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Swad v. Social Security Administration

United States District Court, E.D. Arkansas, Western Division

March 14, 2019

VINCENT FRANK SWAD PLAINTIFF
v.
SOCIAL SECURITY ADMINISTRATION DEFENDANT

          RECOMMENDED DISPOSITION

         The following Recommended Disposition (“Recommendation”) has been sent to Chief United States District Judge Brian S. Miller. You may file written objections to all or part of this Recommendation. If you do so, those objections must: (1) specifically explain the factual and/or legal basis for your objections; and (2) be received by the Clerk of this Court within fourteen (14) days of this Recommendation. By not objecting, you may waive the right to appeal questions of fact.

         I. Introduction:

         Plaintiff, Vincent Frank Swad, applied for disability benefits on August 26, 2014, alleging a disability onset date of May 1, 2013.[1] (Tr. at 30). The application was denied initially and upon reconsideration Id. After conducting a hearing, the Administrative Law Judge (“ALJ”) denied Mr. Swad's claim. (Tr. at 40-41). The Appeals Council denied his request for review. (Tr. at 1). The ALJ's decision now stands as the final decision of the Commissioner, and Mr. Swad has requested judicial review.

         For the reasons stated below, the Court should affirm the decision of the Commissioner.

         II. The Commissioner's Decision:

         The ALJ found that Mr. Swad had not engaged in substantial gainful activity during the period from the alleged onset date through the date last insured of December 31, 2013. (Tr. at 32). At Step Two of the sequential five-step analysis, the ALJ found that Mr. Swad had the following severe impairments: plantar fasciitis, carpal tunnel syndrome, left ankle fracture status post open reduction internal fixation, osteoarthritis of the spine, peripheral neuropathy, restless legs syndrome, Dupuytren's contracture, mood disorder, and bipolar disorder. (Tr. at 33).

         The ALJ found that Mr. Swad's impairments did not meet or equal a listed impairment. Id. Before proceeding to Step Four, the ALJ determined that Mr. Swad had the residual functional capacity (“RFC”) to perform work at the light level, with some limitations. Id. He must be able to use a cane as needed to move to and from the workstation; he is limited to no balancing or climbing of ladders, ropes, or scaffolds; he could perform no more than frequent handling and could not perform foot control operations; he must not be exposed to unprotected heights or hazards in the workplace; and he would be limited to simple, routine, repetitive tasks with simple, direct, and concrete supervision (unskilled work). (Tr. at 35).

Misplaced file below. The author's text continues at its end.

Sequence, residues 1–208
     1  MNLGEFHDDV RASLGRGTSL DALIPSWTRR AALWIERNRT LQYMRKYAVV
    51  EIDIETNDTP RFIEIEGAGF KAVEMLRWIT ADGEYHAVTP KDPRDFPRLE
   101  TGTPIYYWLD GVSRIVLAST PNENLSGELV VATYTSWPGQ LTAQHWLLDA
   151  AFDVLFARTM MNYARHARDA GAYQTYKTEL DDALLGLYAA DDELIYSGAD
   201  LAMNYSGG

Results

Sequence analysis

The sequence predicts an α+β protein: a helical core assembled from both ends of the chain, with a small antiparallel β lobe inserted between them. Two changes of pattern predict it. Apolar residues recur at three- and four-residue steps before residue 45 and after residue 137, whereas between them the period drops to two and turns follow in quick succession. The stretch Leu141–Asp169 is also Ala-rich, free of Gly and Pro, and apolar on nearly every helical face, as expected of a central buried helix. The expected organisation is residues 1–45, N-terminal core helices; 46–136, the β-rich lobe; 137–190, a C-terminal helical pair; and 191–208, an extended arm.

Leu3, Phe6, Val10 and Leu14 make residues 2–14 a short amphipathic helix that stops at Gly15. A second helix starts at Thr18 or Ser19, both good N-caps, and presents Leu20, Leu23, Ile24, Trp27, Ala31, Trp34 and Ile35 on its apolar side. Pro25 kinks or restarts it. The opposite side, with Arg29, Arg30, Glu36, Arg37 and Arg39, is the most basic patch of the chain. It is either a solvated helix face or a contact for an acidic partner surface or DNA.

The ALJ next found that Mr. Swad was unable to perform any past relevant work. (Tr. at 38). The ALJ relied on the testimony of a Vocational Expert ("VE") to find that, considering Mr. Swad's age, education, work experience and RFC, jobs existed in significant numbers in the national economy that he could perform, such as office helper and sales attendant. (Tr. at 40). Therefore, the ALJ found that Mr. Swad was not disabled. Id.

         III. Discussion:

         A. Standard of Review

         The Court's function on review is to determine whether the Commissioner's decision is supported by substantial evidence on the record as a whole and whether it is based on legal error. Miller v. Colvin, 784 F.3d 472, 477 (8th Cir. 2015); see also 42 U.S.C. § 405(g). While “substantial evidence” is that which a reasonable mind might accept as adequate to support a conclusion, “substantial evidence on the record as a whole” requires a court to engage in a more scrutinizing analysis:

“[O]ur review is more than an examination of the record for the existence of substantial evidence in support of the Commissioner's decision; we also take into account whatever in the record fairly detracts from that decision.” Reversal is not warranted, however, “merely because substantial evidence would have supported an opposite decision.”

Reed v. Barnhart, 399 F.3d 917, 920 (8th Cir. 2005) (citations omitted).

         It is not the task of this Court to review the evidence and make an independent decision. Neither is it to reverse the decision of the ALJ because there is evidence in the record which contradicts his findings. The test is whether there is substantial evidence in the record as a whole which supports the decision of the ALJ. Miller, 784 F.3d at 477. The Court has ...


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